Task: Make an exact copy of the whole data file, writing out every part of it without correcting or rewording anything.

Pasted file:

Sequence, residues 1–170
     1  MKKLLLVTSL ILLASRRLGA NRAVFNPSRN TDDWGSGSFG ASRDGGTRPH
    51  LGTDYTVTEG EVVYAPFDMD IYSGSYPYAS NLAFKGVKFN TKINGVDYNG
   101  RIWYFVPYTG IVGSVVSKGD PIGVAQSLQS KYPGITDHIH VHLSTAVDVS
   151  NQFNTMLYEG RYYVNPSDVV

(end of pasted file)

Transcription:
Sequence, residues 1–170
     1  MKKLLLVTSL ILLASRRLGA NRAVFNPSRN TDDWGSGSFG ASRDGGTRPH
    51  LGTDYTVTEG EVVYAPFDMD IYSGSYPYAS NLAFKGVKFN TKINGVDYNG
   101  RIWYFVPYTG IVGSVVSKGD PIGVAQSLQS KYPGITDHIH VHLSTAVDVS
   151  NQFNTMLYEG RYYVNPSDVV